G20 Proposes New Regulation For Accepting Digital Payments

G20 Proposes New Regulation For Accepting Digital Payments


The crypto regulation news today show that G20 proposes new regulation for accepting digital payments in a groundwork document published earlier. The officials announced on July 11 that they would begin laying the regulatory groundwork for the group to accept digital payments.

As we can see, digital currency payments may become a reality for G20 members before the next summit in Saudi Arabia. As reported by Kyoto News before, officials revealed that the G20 summit which comprised members from 19 countries and the European Union will be laying the groundwork to accept digital payments.

g20 proposes new summit regulations

Now, G20 proposes these changes to begin in October, presumably at the G20 Finance Ministerial and Deputies Meetings in Washington DC and before the next summit in Riyadh in November 2020. The report by Kyoto news reads the following:


“It was revealed on the 11th that 20 countries/regions (G20) have begun to make adjustments to allow digital payments, a payment method instead of cash. Regulation debate, including prevention of money laundering, is expected to begin in earnest in October. Several G20 officials revealed. Concerned about the influence of the “Libra” planned by Facebook (FB) in the United States, it has restrained the movement of the private sector, but since it has accelerated the introduction plan of each central bank, it will change its policy.”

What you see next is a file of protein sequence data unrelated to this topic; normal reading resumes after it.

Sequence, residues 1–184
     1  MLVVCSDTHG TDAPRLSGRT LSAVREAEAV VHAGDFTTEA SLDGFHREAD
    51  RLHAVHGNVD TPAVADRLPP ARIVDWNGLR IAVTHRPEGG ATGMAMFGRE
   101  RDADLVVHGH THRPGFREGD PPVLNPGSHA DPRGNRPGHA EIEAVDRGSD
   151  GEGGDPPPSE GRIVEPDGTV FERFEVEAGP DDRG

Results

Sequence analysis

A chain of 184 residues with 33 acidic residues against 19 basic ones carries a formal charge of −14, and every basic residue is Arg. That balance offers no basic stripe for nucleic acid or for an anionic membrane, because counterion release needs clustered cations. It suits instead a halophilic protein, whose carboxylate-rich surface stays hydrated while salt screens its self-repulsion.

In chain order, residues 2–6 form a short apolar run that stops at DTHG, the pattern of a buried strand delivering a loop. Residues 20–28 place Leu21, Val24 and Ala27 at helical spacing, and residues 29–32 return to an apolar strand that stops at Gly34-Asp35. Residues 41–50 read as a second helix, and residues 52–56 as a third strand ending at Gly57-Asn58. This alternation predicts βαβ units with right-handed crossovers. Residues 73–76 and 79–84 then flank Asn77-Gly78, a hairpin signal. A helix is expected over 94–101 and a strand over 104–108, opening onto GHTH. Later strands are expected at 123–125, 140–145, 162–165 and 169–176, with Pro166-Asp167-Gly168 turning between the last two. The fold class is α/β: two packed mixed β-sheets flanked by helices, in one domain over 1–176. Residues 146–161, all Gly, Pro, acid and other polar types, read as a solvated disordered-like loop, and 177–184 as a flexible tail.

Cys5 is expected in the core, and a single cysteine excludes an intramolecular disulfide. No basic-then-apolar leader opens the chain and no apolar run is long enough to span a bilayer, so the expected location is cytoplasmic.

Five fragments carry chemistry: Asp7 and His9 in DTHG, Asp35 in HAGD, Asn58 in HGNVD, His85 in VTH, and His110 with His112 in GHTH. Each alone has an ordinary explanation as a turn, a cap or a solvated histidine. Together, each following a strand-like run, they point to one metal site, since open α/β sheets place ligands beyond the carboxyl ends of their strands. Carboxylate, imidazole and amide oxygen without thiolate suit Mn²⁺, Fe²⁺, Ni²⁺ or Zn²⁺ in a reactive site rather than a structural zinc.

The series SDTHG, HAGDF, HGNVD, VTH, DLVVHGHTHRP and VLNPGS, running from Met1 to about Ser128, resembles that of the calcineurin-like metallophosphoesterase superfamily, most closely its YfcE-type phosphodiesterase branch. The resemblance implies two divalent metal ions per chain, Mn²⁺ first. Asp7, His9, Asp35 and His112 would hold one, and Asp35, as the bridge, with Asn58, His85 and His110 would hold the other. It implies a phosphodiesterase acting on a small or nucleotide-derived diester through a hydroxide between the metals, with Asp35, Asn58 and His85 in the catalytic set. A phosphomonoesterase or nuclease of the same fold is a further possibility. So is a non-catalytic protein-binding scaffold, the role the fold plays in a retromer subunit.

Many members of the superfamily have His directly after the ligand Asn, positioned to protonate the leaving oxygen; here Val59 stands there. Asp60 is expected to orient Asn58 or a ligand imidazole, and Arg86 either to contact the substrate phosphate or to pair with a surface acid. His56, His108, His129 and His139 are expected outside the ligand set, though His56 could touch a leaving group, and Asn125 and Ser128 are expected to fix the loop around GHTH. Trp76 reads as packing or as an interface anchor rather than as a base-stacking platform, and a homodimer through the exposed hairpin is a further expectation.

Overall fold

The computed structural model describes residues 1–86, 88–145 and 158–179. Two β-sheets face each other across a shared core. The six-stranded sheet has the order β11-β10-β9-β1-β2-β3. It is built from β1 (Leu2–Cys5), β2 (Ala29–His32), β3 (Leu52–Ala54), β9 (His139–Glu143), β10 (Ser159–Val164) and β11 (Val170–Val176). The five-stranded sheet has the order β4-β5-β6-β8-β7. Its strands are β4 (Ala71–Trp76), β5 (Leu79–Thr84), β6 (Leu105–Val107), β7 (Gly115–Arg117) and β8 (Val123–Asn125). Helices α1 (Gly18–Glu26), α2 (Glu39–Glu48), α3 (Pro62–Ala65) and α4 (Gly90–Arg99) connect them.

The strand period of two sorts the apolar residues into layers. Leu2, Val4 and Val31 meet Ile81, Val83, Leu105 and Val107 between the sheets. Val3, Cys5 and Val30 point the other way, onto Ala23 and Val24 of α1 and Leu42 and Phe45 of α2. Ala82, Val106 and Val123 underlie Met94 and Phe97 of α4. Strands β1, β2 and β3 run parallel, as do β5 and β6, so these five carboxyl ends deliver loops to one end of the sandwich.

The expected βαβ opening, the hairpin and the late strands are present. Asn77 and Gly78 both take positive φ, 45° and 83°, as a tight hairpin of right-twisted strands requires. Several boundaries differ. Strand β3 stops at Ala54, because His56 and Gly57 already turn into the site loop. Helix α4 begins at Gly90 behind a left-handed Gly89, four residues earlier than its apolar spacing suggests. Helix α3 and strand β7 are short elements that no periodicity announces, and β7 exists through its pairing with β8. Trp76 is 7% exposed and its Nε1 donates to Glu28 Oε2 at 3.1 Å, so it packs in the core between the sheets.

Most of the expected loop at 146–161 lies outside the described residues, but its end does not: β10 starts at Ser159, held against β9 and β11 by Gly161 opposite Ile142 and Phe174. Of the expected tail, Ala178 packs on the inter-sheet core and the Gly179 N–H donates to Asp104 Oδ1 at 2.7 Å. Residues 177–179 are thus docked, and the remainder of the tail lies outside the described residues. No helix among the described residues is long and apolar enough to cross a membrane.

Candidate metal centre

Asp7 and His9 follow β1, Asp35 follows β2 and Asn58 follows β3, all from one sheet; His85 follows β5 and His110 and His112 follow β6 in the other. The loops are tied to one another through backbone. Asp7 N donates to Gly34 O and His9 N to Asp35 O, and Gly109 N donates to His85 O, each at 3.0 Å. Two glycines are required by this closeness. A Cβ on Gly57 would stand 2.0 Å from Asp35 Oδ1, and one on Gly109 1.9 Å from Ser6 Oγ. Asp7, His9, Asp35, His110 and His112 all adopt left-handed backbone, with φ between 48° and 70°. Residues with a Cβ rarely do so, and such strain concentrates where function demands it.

According to the Japanese news outlet, G20 officials enacted the policy change in response to the progress China has been making on creating a digital yuan as well as the anticipated release of Libra by Facebook. The cryptonews media in June reported that the People’s Bank of China’s National Council for Social Security announced the completion of the backend architecture development for the country’s central bank digital currency (CBDC).

Also, during the 2019 G20 summit in Osaka, leaders stated that cryptocurrencies did not constitute a threat to monetary stability. They also said that technological innovation could deliver some benefits to the economy. However, in October the G20 members also said that stablecoins posed a serious risk to public policy and financial regulations.

All of this leads us to believe that the right direction is set for digital currency payments, and will need to be adopted by countries separately with their own line of rules and regulations.

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